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Tax Tips For 2012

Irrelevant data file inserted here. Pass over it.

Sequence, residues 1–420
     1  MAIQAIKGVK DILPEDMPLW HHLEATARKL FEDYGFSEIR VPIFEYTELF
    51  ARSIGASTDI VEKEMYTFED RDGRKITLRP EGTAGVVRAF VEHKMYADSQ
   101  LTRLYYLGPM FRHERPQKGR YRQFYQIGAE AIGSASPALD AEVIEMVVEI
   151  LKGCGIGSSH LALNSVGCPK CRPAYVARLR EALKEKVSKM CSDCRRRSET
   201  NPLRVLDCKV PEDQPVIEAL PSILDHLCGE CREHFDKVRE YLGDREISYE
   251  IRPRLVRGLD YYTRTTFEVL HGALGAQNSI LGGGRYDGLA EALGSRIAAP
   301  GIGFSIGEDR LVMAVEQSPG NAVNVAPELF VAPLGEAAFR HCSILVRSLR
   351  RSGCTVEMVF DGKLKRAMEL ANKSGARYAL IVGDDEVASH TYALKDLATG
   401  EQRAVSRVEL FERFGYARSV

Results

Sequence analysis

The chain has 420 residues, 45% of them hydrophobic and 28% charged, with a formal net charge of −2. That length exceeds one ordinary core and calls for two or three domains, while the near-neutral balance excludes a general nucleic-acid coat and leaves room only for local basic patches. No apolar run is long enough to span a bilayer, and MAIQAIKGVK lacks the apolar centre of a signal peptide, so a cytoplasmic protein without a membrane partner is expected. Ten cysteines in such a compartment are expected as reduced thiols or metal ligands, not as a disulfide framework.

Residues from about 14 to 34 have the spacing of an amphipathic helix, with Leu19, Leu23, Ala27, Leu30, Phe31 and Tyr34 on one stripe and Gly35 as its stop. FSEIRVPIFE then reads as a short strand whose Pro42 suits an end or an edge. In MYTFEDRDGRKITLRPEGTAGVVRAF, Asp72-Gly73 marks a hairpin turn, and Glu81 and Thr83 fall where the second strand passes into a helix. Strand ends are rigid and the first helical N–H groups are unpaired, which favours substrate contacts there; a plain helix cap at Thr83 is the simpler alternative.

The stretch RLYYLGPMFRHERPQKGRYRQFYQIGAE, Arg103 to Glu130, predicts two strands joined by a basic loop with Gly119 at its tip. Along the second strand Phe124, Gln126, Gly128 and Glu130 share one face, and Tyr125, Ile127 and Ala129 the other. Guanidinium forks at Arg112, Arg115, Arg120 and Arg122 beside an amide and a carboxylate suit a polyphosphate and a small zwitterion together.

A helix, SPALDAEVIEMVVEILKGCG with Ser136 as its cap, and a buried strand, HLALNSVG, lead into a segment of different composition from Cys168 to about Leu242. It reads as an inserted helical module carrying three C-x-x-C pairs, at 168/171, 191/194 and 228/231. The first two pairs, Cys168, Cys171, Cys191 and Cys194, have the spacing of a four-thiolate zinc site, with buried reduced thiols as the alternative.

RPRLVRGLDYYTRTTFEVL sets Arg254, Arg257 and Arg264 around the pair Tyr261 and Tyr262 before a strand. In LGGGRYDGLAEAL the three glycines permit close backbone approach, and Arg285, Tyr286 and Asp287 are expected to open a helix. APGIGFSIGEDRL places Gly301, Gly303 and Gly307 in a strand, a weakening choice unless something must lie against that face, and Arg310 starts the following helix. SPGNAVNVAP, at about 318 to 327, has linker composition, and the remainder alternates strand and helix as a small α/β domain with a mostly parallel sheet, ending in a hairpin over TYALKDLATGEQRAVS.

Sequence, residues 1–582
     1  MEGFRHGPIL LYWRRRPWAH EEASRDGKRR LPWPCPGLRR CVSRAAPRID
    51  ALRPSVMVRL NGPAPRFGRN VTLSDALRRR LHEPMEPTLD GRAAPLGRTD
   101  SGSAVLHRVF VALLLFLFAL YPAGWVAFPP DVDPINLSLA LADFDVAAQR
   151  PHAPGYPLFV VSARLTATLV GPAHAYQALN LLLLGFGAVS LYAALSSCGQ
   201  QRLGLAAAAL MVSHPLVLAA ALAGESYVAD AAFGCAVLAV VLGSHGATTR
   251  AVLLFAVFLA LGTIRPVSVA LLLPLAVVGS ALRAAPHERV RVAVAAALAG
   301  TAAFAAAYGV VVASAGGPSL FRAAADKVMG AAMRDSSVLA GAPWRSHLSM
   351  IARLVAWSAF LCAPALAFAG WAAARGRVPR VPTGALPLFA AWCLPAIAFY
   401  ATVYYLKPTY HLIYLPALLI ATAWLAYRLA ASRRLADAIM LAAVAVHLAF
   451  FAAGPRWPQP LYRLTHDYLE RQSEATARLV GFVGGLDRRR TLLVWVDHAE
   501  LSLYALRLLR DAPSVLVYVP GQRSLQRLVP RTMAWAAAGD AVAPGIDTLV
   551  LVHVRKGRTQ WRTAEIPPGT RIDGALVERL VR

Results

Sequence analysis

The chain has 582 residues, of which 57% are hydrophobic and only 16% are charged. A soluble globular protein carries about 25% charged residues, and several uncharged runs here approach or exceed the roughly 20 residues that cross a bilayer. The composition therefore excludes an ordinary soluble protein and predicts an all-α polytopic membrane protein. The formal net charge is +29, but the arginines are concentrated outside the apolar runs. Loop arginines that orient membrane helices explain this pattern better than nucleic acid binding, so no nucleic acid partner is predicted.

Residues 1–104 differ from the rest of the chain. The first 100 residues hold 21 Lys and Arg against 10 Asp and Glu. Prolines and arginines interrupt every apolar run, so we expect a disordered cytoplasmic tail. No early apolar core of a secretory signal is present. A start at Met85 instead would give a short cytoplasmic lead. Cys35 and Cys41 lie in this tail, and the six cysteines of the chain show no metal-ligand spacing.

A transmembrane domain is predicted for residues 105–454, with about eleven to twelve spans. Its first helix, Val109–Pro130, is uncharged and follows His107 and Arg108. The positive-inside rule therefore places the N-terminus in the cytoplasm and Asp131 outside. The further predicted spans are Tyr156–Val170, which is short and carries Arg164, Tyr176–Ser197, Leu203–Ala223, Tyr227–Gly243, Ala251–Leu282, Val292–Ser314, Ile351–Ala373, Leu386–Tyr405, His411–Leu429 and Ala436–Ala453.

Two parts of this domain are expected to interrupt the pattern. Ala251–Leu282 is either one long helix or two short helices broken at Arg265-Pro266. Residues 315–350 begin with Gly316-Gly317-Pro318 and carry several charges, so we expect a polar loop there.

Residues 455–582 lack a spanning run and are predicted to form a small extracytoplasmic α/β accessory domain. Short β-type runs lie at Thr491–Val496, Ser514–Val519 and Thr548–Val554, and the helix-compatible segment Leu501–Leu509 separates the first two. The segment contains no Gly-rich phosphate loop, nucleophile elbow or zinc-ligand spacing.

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Tax Tips For 2012